The Cleveland and Teeside History Society record the place name Low Worsall as ‘Modern English low + place-name Wercesal, Wirceshel, Werchesal(e) 1086 Wi- Wyrkesale 1285-1367, Wirsal (1316) 16th, 1369, Parva Worsall“Little Worsall” 1483.’

Little Worsall

It seems that when Henry moved to Husthwaite, his new home was named after Worsall Grange.  The Husthwaite History Society records the following information about Little Worsall.

In the seventeenth century the property described here had 4½ acres at the back, stretching down to Elphin Lane. Later this tract was farmed as part of the Manor House land and by 1841 some rearrangement of boundaries had taken place. The tenants of the early eighteenth century were called Wood and survival of the fieldnames Wood Garths suggests a reconstruction.  This leads to the conclusion that the frontage of the old tenement would have extended from Little Worsall to Colton House.

Several facts about this property in the early seventeenth century suggest that it was of importance in the management of the manor. It lay alongside the Hall and Hall Garths. It belonged to the family who held the lease and hence lordship of the manor. It had a dovecote (the only one known in Husthwaite), a privilege of manorial lords.

Little Worsall
Image of Little Worsall and information about the people who lived there.

Little Worsall

Dorothy

Dorothy Margaret Clarke was born in Northamptonshire in 1904. She was the daughter of Louisa Jane Shortland and  Albert Edward William Clarke,  a police sergeant in the Northamptonshire Constabulary. She had one brother named Edward Alexander and three sisters, Cecily Mary (known as Molly who lived with her at Little Worsall from 1966 – 1994), Kitty Alexandra and my grandmother Delia Eileen.

Louisa Jane Clarke (nee Shortland) and daughters.

The 1939 register shows Dorothy, working as a school teacher, living in the Morrison household at Faceby Manor, Faceby, Stokesley R.D., Yorkshire (North Riding), England. Today Faceby Manor Lodge is a Grade II listed building.

1939 register entry showing Dorothy Clarke.

It also appears that Dorothy worked as a governess. One of the most interesting things Dorothy sent to me was the letter below from a Miss Lennox-Carr of Piccadilly (according to the biography of the historical novelist Georgette Heyer, Miss Lennox-Carr ran a registry office for governesses), recommending Dorothy for the post of governess to the young King of Iraq. I don’t believe that Dorothy took up the offer but nevertheless it is a lovely piece of family history.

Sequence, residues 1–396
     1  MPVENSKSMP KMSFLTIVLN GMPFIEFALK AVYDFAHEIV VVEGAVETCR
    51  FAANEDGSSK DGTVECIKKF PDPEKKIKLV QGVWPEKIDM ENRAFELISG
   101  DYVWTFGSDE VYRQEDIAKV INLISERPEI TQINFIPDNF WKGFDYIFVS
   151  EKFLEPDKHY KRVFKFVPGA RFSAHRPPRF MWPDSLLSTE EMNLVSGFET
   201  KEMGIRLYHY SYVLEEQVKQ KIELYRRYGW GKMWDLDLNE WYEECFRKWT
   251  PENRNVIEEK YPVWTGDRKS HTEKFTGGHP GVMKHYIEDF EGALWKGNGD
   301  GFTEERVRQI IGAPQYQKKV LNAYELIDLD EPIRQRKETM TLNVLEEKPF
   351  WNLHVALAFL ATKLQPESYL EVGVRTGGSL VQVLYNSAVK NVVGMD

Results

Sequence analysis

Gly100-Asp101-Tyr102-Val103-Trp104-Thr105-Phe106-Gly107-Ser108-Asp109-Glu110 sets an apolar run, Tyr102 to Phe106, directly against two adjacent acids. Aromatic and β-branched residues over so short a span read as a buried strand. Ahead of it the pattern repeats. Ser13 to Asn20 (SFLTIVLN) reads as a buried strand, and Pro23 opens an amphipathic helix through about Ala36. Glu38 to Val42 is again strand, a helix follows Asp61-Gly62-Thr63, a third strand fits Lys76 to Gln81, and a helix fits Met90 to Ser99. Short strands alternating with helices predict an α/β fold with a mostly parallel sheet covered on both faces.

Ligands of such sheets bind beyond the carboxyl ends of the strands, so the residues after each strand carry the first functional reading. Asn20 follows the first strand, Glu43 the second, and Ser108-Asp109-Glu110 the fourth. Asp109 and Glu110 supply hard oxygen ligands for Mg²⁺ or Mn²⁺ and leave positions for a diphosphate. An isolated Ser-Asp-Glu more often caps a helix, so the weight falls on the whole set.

governess-1

governess-2
In January 2022 I was contacted by Tony Walker who had seen this blog. He had come across a document for Miss Carr’s agency when sorting through some some historical papers and asked if I would like a copy. The document can be viewed below.

Terms and conditions for Miss Lennox-Carr's Ladies' Employment and School Agency.

The things I remember about Dorothy are firstly her two dogs, Otter and Toby – sausage dogs, one smooth haired and one wired haired.  The second, the incredible view from her garden of the Kilburn white horse, one of the most famous landmarks in North Yorkshire and one of the most northerly turf-cut figures in Britain. Dating from 1857, the outline of the horse was marked out by the Kilburn village schoolmaster and his pupils. Finally, the way she encouraged my interest in my family from a young age, with letters, stories and photos. Dorothy is hugely responsible for my love of history today..

Henry in uniform.

Henry G Faber in uniform.

Hal

Henry Grey Faber was a solicitor. His occupation is recorded in census returns and I have also found mentions of Henry’s legal career in the Gazette newspaper.

The 1891 census shows a Henry  G Faber was born in Durham in 1887, to Thomas Faber, aged 30 (born 1861 in Durham) and Ada Faber  aged 29 (born 1862 in Wimbledon, Surrey). A younger brother and sister, Frank S and Ada L are recorded too.  Aged 14 in 1901, Henry appears to have been a boarder at a school in Harrogate and in 1911, aged 24, he is recorded as being a solicitor, living again with his parents Thomas and Ada and with more sisters and a brother.

The North Yorkshire history website records Henry as ‘Admitted Oct 1911.  Member of Faber, Fawcett & Faber, of Stockton-on-Tees.  Mobilised Aug 1914 as Capt., 5th Batt. Durham Light Infantry, promoted Major June 1916.  Once mentioned in Dispatches.  Served at Home and in Flanders and France.  Wounded May 24, 1915.’

I believe Henry married his first wife Ellen Holberton in Totnes, Devon in 1916. Their daughter Elizabeth was born in Knaresborough in 1917 and in 1939 her  occupation is shown as VAD, which I have learned stands for Voluntary Aid Detachment, a voluntary unit of civilians providing nursing care for military personnel in the United Kingdom and various other countries in the British Empire. Searching for Henry Grey Faber on the Find My past website, I found details of his service, medals and awards and his first world war record.  Ellen it seems also served in the army as a staff nurse.

Thomas Faber (Henry’s father)